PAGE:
Rage is something I know well. My father used to fly off the handle into uncontrollable rages. The night he had his first heart attack, he was raging at my mother about the duplicate bridge game they’d just played in.
Of course, if anyone has ever played competitive duplicate bridge, they’d know that that game goes hand in hand with rage. My mother was a lethal card shark, but she had her own way of bidding. Teamwork didn’t matter to her. She could make 99% of everything she bid by herself. I imagine that was the cause of Dad’s heart attack-inducing rage. They were both very competitive, but Dad was a by-the-books type A, and Mom did not like rules. They were never a good match.
Did I ever tell you that I met Hubby playing at a competitive bridge club? We were a good team, but competitive ACBL bridge is not my idea of fun. If you hesitate, scratch your head, blink, fiddle with your cards, accidentally play the wrong card, or cross your legs your opponent will call the Director on you and you’ll be penalized. Calling the Director is the grown-up’s version of telling Mommy, and competitive bridge players will do ANYTHING to win, even if it means calling the Director enough times to rattle the hell out of their opponent.
The last time I played bridge at a bridge club, I cried. Now, I’m not a soft person, and I don’t cry easily. But competitive bridge players are mean, nasty, cutthroat people, and I’m not. I refused to ever go back. Actually, that’s not exactly correct. I have gone back to some ACBL “friendly” games, but they’re not really friendly at all, even when they’re trying to be.
I’m a sit-around-the-kitchen-table-and-play-all-night type of bridge player. I miss not having people I’m comfortable playing with.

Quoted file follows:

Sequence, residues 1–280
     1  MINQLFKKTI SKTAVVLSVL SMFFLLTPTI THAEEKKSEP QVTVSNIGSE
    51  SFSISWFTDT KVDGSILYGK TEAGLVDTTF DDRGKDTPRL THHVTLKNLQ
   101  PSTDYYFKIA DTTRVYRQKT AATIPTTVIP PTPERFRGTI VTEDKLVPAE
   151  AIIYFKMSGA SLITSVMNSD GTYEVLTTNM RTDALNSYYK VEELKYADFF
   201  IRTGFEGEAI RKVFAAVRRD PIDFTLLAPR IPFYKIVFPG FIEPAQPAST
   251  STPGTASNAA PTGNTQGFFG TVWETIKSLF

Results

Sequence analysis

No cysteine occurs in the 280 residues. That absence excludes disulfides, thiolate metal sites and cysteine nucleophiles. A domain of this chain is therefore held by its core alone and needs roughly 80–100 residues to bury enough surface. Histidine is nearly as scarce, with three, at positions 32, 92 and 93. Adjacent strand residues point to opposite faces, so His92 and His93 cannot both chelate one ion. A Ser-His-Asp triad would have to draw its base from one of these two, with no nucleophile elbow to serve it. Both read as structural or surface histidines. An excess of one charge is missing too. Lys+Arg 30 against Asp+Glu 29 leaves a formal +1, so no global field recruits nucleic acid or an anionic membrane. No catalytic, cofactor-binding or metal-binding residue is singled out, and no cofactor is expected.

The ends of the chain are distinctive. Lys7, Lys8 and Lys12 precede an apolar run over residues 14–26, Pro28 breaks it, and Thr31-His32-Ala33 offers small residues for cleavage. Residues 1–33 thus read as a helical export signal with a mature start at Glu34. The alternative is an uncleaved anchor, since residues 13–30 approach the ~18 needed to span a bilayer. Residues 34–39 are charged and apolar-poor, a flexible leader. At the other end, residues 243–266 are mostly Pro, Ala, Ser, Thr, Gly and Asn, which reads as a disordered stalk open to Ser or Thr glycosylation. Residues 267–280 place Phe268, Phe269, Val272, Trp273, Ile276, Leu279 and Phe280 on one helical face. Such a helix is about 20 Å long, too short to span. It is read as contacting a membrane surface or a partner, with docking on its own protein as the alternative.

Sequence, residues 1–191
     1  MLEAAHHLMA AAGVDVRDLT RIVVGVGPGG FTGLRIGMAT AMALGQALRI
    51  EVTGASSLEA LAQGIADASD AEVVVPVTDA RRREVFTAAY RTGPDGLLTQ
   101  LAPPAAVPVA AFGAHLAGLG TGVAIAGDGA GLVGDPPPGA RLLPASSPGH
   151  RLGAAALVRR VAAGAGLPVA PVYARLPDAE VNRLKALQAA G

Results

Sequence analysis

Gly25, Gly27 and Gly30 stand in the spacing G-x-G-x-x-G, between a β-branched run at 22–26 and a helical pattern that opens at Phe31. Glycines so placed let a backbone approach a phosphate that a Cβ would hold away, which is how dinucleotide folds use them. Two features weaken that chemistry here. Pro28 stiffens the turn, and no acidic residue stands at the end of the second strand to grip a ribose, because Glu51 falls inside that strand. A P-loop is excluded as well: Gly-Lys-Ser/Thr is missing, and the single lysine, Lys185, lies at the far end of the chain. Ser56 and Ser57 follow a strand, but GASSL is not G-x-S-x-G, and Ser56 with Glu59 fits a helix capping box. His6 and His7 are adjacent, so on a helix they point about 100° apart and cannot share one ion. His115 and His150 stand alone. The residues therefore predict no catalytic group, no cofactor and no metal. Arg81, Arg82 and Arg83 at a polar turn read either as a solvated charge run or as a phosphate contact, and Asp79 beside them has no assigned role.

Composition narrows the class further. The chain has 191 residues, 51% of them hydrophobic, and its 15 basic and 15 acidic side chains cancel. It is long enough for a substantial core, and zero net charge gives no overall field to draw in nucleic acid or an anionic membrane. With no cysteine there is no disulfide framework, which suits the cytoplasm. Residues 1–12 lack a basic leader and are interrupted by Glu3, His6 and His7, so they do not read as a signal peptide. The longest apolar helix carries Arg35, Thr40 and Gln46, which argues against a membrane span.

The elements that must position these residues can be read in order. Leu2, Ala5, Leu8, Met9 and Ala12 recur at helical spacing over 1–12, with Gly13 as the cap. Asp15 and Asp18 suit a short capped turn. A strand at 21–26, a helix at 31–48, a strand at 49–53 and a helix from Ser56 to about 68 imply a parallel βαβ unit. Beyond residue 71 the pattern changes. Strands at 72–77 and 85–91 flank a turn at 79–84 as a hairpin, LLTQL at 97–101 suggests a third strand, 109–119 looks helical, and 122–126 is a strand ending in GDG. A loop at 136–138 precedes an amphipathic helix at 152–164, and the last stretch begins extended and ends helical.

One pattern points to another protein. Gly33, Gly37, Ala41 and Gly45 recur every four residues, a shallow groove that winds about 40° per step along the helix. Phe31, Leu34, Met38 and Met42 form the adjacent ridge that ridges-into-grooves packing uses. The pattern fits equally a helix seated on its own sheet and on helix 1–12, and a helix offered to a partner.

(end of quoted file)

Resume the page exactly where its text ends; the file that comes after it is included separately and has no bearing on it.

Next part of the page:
Anyway, yes, rage was common in my house. My father taught it to us. He even raged when I was investigating Christianity when I was in high school. The base minister made a house call and Dad slammed the door in his face.
So rage has been an issue for me for most of my life. My rage attacks are much more infrequent now, but every once in a blue moon rage rears its ugly head.
I once had a boyfriend who was, surprisingly, a misogynist. Actually, the reason I met Hubby at a bridge club was because Mr. Misogynist refused to teach me bridge. He had friends that he played regularly with (not just guys, but guys and gals), and I wasn’t a part of it. He also went ballroom dancing with his friends, and I wasn’t welcome to join him there as well. He just couldn’t be bothered introducing me to either ballroom dancing or his friends. So I took an adult ed class to learn ballroom dancing, and Hubby, my bridge partner, agreed to be my swing dancing partner for the class.
I took a trip to Paris with Mr. Misogynist, and he left 3 days before me. He was so self-centered, it never occurred to him that I didn’t want to be abandoned in a city I knew nothing about, even though I begged him not to leave me alone.
Why do we pick such asshole partners sometimes? I have no idea what was going on in my head. Mr. Misogynist and I would have screaming fights, and I mean out-of-control screaming. I laughed when he finally moved to New Jersey and he told me how much he loved me. I thought, “You are shittin’ me, right?”.
By that time, Hubby had become my best friend. Hubby moved in with me, and our relationship turned romantic the day Mr. Misogynist left town. It felt good to hear Mr. Misogynist say, “You were just waiting for me to leave, weren’t you?”
“Yup, Mr. Misogynist, that’s exactly what I was doing. If you thought I was going leave a good man to follow you to New Jersey, you are truly out of your mind.”
Tell us about a time when you flew into a rage. What is it that made you so incredibly angry?
Mad as a Hatter